Arif Shaikh has designs on a midcoast curry empire.
Photographed by Drew Cornwall
The coronation took place on a cold, clear day last winter. Alone, Arif Shaikh went out back of his tiny apartment and, over an open flame, made a steaming cauldron of curry. Henceforth, he’d be known as the Camden Curry King, lording over an invitation-only Facebook group called the Camden Curry Top Secret Club, through which he’d purvey his spicy, aromatic fare to the masses.
His family emigrated from India when he was 3, and he grew up watching his mom cook, but his culinary ascent began after college, while living in New York, working in finance. “At first, I was dazzled by all these nice restaurants,” he remembers. “Then, one night after a really expensive dinner, I just said, you know what, I’m never doing this again. So I bought a bunch of pots and pans and started cooking like crazy.”
One recent evening, the Curry King invited a pair of callers to his backyard. “You’re about to have the best food in the world!” he proclaimed upon their arrival.
Last year, he moved to the midcoast for a job. It didn’t pan out, but he decided to stay and make curry. After that first backyard batch, he started fielding home-delivery orders from Curry Club commoners. When demand spiked, he had followers meet him outside Camden’s post office at preordained times.
Then, he decided to rent space from a Rockland breakfast joint a few evenings a week, christening his brick-and-mortar operation Darn Fine Curry. Monarchal power has its limits though: the “Darn” was initially a “Damn,” but the city code enforcement officer vetoed it.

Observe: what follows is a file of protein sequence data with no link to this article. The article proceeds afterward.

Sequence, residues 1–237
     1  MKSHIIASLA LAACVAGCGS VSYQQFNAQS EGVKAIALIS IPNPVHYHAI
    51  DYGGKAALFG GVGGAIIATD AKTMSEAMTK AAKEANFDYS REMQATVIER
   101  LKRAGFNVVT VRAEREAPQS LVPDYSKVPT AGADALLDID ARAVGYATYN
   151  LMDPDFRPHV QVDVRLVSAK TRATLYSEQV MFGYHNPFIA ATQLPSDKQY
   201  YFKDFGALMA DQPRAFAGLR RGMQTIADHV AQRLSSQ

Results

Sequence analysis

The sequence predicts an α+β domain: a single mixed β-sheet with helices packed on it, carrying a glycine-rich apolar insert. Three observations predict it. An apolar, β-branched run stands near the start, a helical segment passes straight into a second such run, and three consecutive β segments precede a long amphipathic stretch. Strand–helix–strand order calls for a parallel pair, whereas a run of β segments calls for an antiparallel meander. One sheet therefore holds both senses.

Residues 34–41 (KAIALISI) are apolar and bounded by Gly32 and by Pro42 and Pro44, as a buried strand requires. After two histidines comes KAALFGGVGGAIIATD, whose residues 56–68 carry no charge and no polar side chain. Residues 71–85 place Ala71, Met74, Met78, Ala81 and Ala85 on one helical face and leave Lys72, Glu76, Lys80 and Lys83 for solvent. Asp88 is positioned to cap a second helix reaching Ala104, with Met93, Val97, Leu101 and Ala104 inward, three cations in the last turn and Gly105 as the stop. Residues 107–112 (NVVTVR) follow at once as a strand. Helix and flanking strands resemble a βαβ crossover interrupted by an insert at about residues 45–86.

One recent evening, the Curry King invited a pair of callers to his backyard. “You’re about to have the best food in the world!” he proclaimed upon their arrival, his crown a bandana across his forehead. The air smelled of woodsmoke and onion. A board, set between two garden boxes, sagged under the weight of spices (anise, cardamom, paprika, cumin, saffron) and vegetables (carrots, zucchini, tomatoes), plus jars of nuts, clarified butter, and yogurt.
He split firewood with a hand ax. He ground spices with mortar and pestle. He seared the bone-in, skin-on chicken in a pot. The curry bubbled, splashed over, hissed on the flames. The Curry King sampled and sampled. Seven days a week, he said, he eats curry, and “you know it’s done by smell and taste.”
As the sauce simmered, he pondered how long he’d rent in Rockland, or whether he might expand the empire to Belfast or Augusta. One way or the other, he said, he’d bring his cooking to the people.
He ladled the curry onto plates, with a fragrant side of rice laced with raisins and pistachios. “Every Indian family makes curry a different way, like a signature,” he said, cross-legged in the grass, leaning over his feast. “It’s a meaningful process for me.”
Then the Curry King took a bite. “Mmm,” he hummed. “Wow! Mmm.” And just like that, he was lost in royal reverie.